By intentionally trying out strategies, kaiako honed their practices and learnt what worked best to support the child’s learning.

The team's approach for planning for this child is built around the beliefs and values. These are shared with whānau. The team welcome their input.

Hilary says, "It has made us think about the environment – inside and outside; resources and intentional teaching strategies. So far it's working really well when it comes to supporting the gifts this child brings with him.”

Genuine conversations about teaching and learning with whānau

Hilary says, "His ability to focus and concentrate is amazing. When we spoke about these traits to his whānau, we learnt that his grandfather was very creative and focused.”

Being able to share what they notice about this child with whānau means these kaiako have a genuine platform for talking about learning.

Discussing their observations of this child with whānau brought depth and breadth to their planning. They used the Responsibilities for kaiako section of Te Whāriki, as well as the Evidence of learning examples. These added robustness to the discussions.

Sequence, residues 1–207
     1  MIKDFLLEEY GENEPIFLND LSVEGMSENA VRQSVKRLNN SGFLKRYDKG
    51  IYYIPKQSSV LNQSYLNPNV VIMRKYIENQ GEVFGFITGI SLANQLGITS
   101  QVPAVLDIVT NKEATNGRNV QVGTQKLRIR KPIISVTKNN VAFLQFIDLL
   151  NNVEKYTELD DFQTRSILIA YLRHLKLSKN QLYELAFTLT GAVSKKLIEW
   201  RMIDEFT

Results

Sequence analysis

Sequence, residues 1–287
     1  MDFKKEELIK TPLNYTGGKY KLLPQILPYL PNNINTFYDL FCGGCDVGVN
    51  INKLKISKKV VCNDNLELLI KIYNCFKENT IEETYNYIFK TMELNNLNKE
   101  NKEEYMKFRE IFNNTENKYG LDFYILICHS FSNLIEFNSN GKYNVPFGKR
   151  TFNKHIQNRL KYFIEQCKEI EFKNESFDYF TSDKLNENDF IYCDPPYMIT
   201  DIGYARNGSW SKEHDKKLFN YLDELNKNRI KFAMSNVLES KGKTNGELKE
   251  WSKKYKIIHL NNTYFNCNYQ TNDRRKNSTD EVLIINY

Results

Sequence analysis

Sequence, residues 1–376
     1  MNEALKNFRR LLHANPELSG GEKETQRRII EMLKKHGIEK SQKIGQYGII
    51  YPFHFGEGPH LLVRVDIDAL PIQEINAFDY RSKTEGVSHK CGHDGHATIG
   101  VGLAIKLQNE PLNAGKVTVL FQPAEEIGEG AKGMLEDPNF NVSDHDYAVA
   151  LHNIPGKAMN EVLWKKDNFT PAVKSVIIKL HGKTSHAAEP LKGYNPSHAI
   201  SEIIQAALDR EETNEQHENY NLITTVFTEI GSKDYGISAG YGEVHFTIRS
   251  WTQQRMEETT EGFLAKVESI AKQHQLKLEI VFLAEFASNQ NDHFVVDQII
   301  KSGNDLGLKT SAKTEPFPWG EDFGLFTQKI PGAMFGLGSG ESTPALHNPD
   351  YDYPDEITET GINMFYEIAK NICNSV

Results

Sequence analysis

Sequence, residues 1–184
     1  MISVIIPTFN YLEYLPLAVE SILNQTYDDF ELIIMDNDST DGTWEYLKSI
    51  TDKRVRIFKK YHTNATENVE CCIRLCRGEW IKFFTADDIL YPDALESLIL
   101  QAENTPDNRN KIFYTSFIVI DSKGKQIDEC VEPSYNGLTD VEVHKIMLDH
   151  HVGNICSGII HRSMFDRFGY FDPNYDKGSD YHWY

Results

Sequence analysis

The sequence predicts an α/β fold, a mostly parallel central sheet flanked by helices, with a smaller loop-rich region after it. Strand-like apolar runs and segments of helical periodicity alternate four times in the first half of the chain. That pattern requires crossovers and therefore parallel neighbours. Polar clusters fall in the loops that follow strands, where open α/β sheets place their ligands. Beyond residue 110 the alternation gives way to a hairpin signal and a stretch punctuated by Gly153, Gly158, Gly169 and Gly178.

Kaiako are constantly evaluating their practices in relation to children’s learning. They have found they are able to nurture giftedness using familiar curriculum design processes. 

Questions to think about

  • How do you include whānau in your curriculum design processes?
  • How do you use the environment to create spaces to nurture specific gifts for children?

Useful resources

Bevan-Brown, J.M. (2009). Identifying and providing for gifted and talented Māori students. APEX, 15(4), 6-20. Retrieved from:

Mahaki, P., & Mahaki, C. (2007) “Mana Tū, Mana Ora: Identifying Characteristics of Māori Giftedness”. Retrieved from

Ministry of Education, (2009). Te Whatu Pōkeka. Kaupapa Māori assessment for learning. Early childhood exemplars. Wellington, NZ. Learning Media

Ministy of Education, (2019). Learning support action plan. Ministry of Education. Retrieved from